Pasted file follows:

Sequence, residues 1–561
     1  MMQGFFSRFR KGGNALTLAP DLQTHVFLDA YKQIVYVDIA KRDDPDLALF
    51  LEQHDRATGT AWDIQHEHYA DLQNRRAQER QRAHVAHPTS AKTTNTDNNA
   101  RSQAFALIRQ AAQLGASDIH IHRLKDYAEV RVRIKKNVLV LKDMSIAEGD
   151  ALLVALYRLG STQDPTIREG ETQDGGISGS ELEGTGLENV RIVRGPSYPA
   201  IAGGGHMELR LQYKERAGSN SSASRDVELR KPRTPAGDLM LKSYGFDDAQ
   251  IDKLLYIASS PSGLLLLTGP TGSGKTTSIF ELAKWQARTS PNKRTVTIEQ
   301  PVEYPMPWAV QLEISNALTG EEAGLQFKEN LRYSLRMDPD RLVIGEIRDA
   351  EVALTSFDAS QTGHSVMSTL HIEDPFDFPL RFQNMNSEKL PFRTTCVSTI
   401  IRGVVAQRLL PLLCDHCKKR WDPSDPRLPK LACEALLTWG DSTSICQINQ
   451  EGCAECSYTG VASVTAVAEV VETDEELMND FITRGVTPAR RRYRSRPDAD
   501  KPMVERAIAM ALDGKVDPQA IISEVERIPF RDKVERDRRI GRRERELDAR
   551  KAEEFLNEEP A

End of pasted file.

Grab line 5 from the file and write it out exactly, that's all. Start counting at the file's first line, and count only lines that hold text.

   151  ALLVALYRLG STQDPTIREG ETQDGGISGS ELEGTGLENV RIVRGPSYPA